Fair probe into Paudel’s killing doubtful, advocates saySupreme Court has directed Sarlahi District Attorney’s Office to register the case after repeated refusals by police.
Nepal Police on June 20, 2019 killed Kumar Paudel, Sarlahi district in-charge of the Communist Party of Nepal led by Netra Bikram Chand. Police claimed he was killed in retaliation as Paudel’s team had attacked them.
The then home minister, Ram Bahadur Thapa, also told the House of Representatives that Paudel was killed when police fire in defence.
However, an investigation by the National Human Rights Commission in October, 2019 concluded that Paudel's death was an act of extra judicial killing committed by the country's law enforcement agency. The commission said that Paudel was killed after being taken into custody and called for action against three police officers under criminal offence.
The commission’s recommendation is yet to be implemented by the government.
The Paudel family had been demanding an investigation even before the constitutional human rights watchdog came out with the report. Paudel's mother Durga Devi had made several attempts to register a case at the Sarlahi District Police and the District Attorney’s Office, but both government bodies turned her away.
After facing continuous refusal, Durga Devi moved the Supreme Court, seeking its order to register the complaint, and the court on Tuesday granted her appeal.
A division bench of Justices Anil Kumar Sinha and Hari Phuyal directed District Attorney Office Sarlahi to register her complaint and inform the court about the development within seven days .
“This incident portrays the difficulty faced by commoners to access justice,” Bed Bhattarai, a former secretary at National Human Rights Commission, told the Post. “The registration of the complaint alone doesn’t ensure the case will be fairly investigated and justice delivered.”
Bhattarai doubts that the Home Ministry and the police, which are reluctant to implement the recommendations of the constitutional commission, will attach priority to the case.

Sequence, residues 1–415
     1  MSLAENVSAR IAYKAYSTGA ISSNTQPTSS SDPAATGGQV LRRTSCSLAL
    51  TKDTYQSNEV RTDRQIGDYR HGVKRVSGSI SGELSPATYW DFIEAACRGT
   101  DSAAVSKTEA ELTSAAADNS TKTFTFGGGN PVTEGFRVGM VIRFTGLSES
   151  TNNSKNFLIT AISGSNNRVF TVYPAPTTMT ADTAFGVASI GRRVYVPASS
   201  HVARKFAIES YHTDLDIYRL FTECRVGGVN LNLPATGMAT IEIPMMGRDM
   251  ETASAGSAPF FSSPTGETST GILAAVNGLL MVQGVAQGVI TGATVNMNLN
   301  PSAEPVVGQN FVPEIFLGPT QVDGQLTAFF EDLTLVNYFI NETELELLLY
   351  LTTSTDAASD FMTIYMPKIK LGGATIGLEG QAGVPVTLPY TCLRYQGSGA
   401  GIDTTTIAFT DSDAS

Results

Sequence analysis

Police are obliged to register complaints as per the Nepal Police Act, 1955 and National Criminal Procedure (Code) Act, 2017. Sections 4 and 5 of the National Criminal Procedure (Code) Act, 2017 hold Nepal Police responsible for registering complaints. Complaints can be filed at district attorney offices or district administration offices if police refuse to take them.
But even if a complaint is registered at a district attorney’s office, it is district police that carry out the investigation. And then there is no guarantee of the district attorney’s office directing the police to investigate the case, or the police investigating the case even if the district attorney’s office has directed them to do so.
Sambhu Sada Musahar, 23, from Sabaila Municipality, Dhanusha died in judicial custody on June 10, 2020. He had been in detention since May 26, 2020 after surrendering himself to the police after he hit two persons, one of whom died, with a tractor.
His family was able to file a complaint at the district attorney’s office only after three days following pressure from human rights activists and local residents who were in protest claiming that Sada had died due to excessive torture.
“The district attorney’s office accepted the complaint following widespread criticism. However, no investigation has been conducted yet,” Bikash Basnet, a programme manager with Advocacy Forum, a non-government organisation working in the field of human rights, told the Post. “We fear Paudel’s case will suffer a similar fate.”
There are several criminal cases from the time of Maoist insurgency that police have refused to entertain. With the transitional justice commissions failing to find out the truths and provide justice to the victims of the decade-long Maoist insurgency, at least 20 victims have reached out to the forum seeking support to register their complaints. However, police have refused to register their complaints.
Basnet said the victims want to challenge the police in the Supreme Court seeking its intervention to register the complaints.
Some human rights advocates have suggested forming an independent body to investigate those cases where the law enforcement agency is involved.
The Supreme Court in December last year had directed the government to form a separate mechanism to investigate the cases of extrajudicial killing. The court directed the formation of a body of experts from different sectors, as an impartial investigation from the police against its own officers was doubtful.
That the Supreme Court had to direct police to register a complaint is unfortunate, said Charan Prasai, a human rights advocate.
“This shows the state's insensitivity towards justice. There is ample room to suspect there won’t be a fair investigation in Paudel’s case. Formation of an independent mechanism as per the court’s ruling is a must,” Prasai told the Post.